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Modern environmental education in the United States began to take shape in the late 19th century with the Nature Study movement, which grew out of efforts to promote the field of natural history by naturalists including Harvard professor Louis Agassiz (1807-1873) and Anna Botsford Comstock, whose Handbook of Nature Study was published in 1911.
At the International Environmental Education Workshop led by the United Nations Educational, Scientific and Cultural Organization (UNESCO) and United Nations Environment Programme (UNEP) held in Belgrade, Yugoslavia, in 1975, environmental education aims were established: “The goal of environmental education is to develop a world population that is aware of, and concerned about, the environment and its associated problems, and which has the knowledge, skills, attitudes, motivations and commitment to work individually and collectively toward solutions of current problems and the prevention of new ones.”
In the latter half of the 1800s, as the western frontier was settled and the continent no longer seemed limitless, and as children increasingly grew up in urbanized and polluted environments, interest in fostering a connection to nature grew.
The conservation movement, fostered by well-known figures such as Henry David Thoreau (1817 – 1862) and Theodore Roosevelt (1858 – 1919), added an element of environmental preservation to the examination of nature characteristic of the Nature Study movement.
Summer camps and the Scouting movement for boys and girls, both emerging in the late 1800s to early 1900s, also had exploration, study of, and appreciation for the outdoors as fundamental components.
The 1960s brought increased awareness of environmental issues, leading to the first Earth Day event in 1970 while environmental education gained definition and structure in the US and elsewhere in the 1970s through the United Nations’ Belgrade Charter, and proceedings from the 1977 International Conference on Environmental Education in Tbilisi.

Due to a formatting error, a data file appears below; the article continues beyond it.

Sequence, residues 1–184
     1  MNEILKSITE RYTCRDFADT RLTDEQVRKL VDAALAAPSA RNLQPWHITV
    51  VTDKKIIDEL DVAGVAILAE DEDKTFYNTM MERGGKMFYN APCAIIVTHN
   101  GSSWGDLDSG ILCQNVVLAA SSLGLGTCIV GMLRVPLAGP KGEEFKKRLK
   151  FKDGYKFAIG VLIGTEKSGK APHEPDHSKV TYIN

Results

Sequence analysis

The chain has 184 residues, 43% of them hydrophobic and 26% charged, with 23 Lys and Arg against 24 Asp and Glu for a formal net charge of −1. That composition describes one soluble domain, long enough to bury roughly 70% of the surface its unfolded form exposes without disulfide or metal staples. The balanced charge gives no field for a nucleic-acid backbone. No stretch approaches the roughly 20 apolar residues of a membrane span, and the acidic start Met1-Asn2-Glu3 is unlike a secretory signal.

The Environmental Education Act of 1970 led to the creation of the Office of Environmental Education in the U.S. Environmental Protection Agency, and the following year the organization which became the current day North American Association for Environmental Education was founded, and which has a number of affiliates in most US states as well as Canadian provinces and Mexico.
In 1987, the Brundtland Report from the World Commission on Environment and Development gave a modern definition of sustainability, which is fundamental to effective environmental education.
In 1995, the Environmental Education and Training Partnership (EETAP) was established by a group of environmental education organizations, and received funding from the U.S. EPA.
Academicians concepts in environmental education, such as "responsible environmental behavior, and promoted research elucidating which environmental education techniques were and were not effective.
Environmental education programs for children, college students and adults continued to develop in the 1990s to the current day.
Environmental education in the US and globally, along with the larger environmental movement, has been criticized for failure to achieve its overall aims, despite discrete successful moments.